The infernal madness had struck the castle with a vengeance. The castle had fallen at her feet, and with triumphant anger she reigned over it. The courtyard was heated with blue and yellow flames, and the air reeked of ash and dust. Her royal presence was omnipresent between the fading embers and rubble. She saw nothing but fire, and blood, embers and ashes, the rising of a new day and the death of the other. It plagued in her eyes with sharp stings, but the burning was easy to overlook when all she saw was a landscape of her victory. Out of the corner of her eye, she saw a glint of green and silver. Nothing, not ash or dust, rubble nor flame, could stop her now. Like a goddess she floated above the death and destruction and saw the glinting jewels of her sister’s, the circle of power a halo when she placed it on her head.
“STOP! Eden! Please…”
The voice. Stricken and cold, it echoed inside her superior bubble, pervaded the harsh exterior of her youthful reign. It was calling on tenderness and longing that the girl had never heard before. She floated down from her ethereal presence above the ruination, and Eden looked into the sullen eyes of her sister. Arabela’s porcelain skin was decorated in angry red slashes. Her hair that Eden had once envied, was burnt and knotted. Arabela’s eyes remained fixed on the crown now sitting on Eden’s dark head. A crazed smirk danced on her burnt lips, a shadow of insanity flickered across her visage.
“You were never one to be graced with strength,” said Eden. “I figured you would die after the first explosion.”
“You figured, or you wished?” The words were meant to hurt, but the intention was not carried out. She was too weak.
“You were never one to be graced with strength,” Eden repeated. “I expected less of you.”
“You were not graced with it either. I know you had help.”
Eden did not meet Arabela’s eyes. She refused to acknowledge the role of her counterpart, less she wanted the glory to be split.
“Raina was never keen on being involved with me,” Arabela continued. “She hated my tactics as much as you. Thus why she found more solace in your friendship than in ours.”
The words bubbled tenderly yet bitterly off her elegant lips. Eden knew nothing of a relationship between Raina and Arabela. There was no love, no intimacy for sure, but Eden felt their friendship hang before her as a marionette does from strings. Its crooked face taunted her with menacing, invisible eyes.
“Raina was your handmaiden. You treated her horribly, like you did with everyone. Like you did with me. That’s why tearing this castle down, tearing you down, was so easy. Everyone despised you, and you couldn’t handle the idea that people cared about their loved ones dying. No one cared that it was for the good of the castle, for the good of the kingdom. You didn’t convince them well enough. But I will.”
“Oh please, Eden, they loved me. They chanted my name in the streets—”
“Only because they knew you would torture them if they didn’t!” Eden interrupted. “Don’t be pathetic. You know what you did was wrong.”
“But I was doing it for my people!” Hot anger had erupted in her eyes. “Your unholy campaign for my throne is just the same!”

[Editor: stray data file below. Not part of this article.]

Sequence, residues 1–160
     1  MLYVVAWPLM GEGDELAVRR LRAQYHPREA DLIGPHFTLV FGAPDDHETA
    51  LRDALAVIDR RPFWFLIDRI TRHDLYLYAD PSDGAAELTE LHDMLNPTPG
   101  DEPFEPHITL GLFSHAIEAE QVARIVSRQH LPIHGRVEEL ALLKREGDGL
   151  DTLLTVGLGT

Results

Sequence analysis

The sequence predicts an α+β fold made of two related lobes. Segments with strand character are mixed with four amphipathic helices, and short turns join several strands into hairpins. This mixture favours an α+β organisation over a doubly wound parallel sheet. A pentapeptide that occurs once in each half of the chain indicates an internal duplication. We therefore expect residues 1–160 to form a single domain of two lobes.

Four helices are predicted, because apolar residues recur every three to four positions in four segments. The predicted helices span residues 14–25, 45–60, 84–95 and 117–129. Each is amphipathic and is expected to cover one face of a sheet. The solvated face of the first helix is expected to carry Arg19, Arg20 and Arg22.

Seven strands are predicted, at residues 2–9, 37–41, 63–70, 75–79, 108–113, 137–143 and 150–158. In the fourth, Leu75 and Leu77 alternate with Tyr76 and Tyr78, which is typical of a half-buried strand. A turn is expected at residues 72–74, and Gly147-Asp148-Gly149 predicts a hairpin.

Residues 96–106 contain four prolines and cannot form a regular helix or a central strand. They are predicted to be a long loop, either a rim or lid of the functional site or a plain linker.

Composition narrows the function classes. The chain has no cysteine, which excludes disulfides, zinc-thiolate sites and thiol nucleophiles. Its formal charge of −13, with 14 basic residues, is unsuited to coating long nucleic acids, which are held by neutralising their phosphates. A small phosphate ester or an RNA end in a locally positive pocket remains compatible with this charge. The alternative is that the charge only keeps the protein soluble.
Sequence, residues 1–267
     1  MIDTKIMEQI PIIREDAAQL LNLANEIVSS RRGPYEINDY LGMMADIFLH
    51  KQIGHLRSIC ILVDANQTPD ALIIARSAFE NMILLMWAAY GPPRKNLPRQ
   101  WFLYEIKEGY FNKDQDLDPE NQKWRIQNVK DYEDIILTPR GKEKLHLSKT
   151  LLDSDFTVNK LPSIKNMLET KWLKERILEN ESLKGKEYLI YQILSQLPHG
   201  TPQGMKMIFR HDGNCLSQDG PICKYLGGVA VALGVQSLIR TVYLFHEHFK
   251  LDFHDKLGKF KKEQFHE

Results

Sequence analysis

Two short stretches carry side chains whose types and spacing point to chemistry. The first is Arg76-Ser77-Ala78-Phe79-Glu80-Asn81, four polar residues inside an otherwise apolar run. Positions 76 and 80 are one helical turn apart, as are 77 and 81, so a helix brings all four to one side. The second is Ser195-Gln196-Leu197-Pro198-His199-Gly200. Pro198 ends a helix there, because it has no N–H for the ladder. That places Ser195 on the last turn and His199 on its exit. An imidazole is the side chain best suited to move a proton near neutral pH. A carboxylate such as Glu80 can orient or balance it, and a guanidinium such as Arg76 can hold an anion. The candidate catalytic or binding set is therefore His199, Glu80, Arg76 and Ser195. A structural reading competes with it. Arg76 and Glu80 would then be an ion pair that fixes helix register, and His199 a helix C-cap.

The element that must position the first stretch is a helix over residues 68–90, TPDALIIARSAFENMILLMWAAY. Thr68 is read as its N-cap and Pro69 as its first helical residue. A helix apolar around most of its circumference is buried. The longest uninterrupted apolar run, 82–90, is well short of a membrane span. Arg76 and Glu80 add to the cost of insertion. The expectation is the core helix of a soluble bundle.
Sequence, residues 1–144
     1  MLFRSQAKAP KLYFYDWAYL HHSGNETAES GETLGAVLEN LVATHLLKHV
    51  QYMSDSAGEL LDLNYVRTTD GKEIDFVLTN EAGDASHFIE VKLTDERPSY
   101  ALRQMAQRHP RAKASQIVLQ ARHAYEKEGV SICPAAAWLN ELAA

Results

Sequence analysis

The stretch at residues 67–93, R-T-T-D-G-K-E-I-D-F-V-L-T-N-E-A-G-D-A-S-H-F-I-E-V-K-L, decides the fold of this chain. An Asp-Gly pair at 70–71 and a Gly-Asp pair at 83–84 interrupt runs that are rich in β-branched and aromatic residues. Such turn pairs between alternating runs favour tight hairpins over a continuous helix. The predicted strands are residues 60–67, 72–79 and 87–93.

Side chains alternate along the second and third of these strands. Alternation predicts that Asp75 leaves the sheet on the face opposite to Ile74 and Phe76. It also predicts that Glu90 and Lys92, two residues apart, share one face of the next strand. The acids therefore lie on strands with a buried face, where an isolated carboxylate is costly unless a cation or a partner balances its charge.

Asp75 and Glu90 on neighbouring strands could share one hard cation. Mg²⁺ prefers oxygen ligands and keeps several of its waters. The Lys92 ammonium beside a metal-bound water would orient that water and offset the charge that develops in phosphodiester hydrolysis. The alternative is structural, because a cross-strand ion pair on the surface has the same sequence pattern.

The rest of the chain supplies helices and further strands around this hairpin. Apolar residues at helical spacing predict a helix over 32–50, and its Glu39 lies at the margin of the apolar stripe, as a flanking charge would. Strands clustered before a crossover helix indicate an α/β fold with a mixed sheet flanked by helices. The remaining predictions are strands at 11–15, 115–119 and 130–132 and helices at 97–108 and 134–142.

“I never claimed that having people locked away, chained for weeks without food or company, was for the good of our kingdom! I never killed people for sport and claimed it was for the good of our kingdom! You would have done that without the blink of an eye. And you did, even to your sister!”
Arabela began to advance towards her sister, but Eden stopped her, aided by the flickering army resting on the tip of her sword.
“How dare you—”
“Looks familiar, doesn’t it? It suits the new queen much better.” Eden moved closer to her sister, a threat hanging unspoken at the tip of Eden’s sword. Arabela raised her chin, eyes stuck on the brigade threatening to end her life. Again another step, and a small waterfall of blood began to trickle past the rigid collarbones onto Arabela’s pale skin. Eden considered her sister for a moment, her high brow and irregular features once smoothed with an ageless beauty were now creased, falling prey to loathing and fear. She wondered if it was almost considered a decency to cut Arabela’s life off by the edges, to preserve her beauty in a matter of terms. But she would not grant her that satisfaction.
The sword almost cut down with surprise as Eden heard the deep voice that once pervaded only from the shadows of the basement. Restrained by two official-looking men, Raina struggled in vain, her.
“Eden, help me, please!”
Almost. The words of pity almost passed though her mouth. But she knew there was no room for that now.
“Take both of them to the dungeons. Or, at least what is left of it,” Eden said.
What exact evil she was never graced Eden’s ears. She turned quickly, so as not to see the fear eroding Raina’s features. She walked gracefully above the destruction yet again, exceeding the holy and pure trails the crown allowed her to lead. The silver halo, seemingly rooted to her scalp, promised her years of glory, and she found pleasure in the eternal life she would live after death. It rested unperturbed on her head, a shining beacon in the forest of dust and ash, and she faded into the darkness, a militia of shadows trailing in her wake.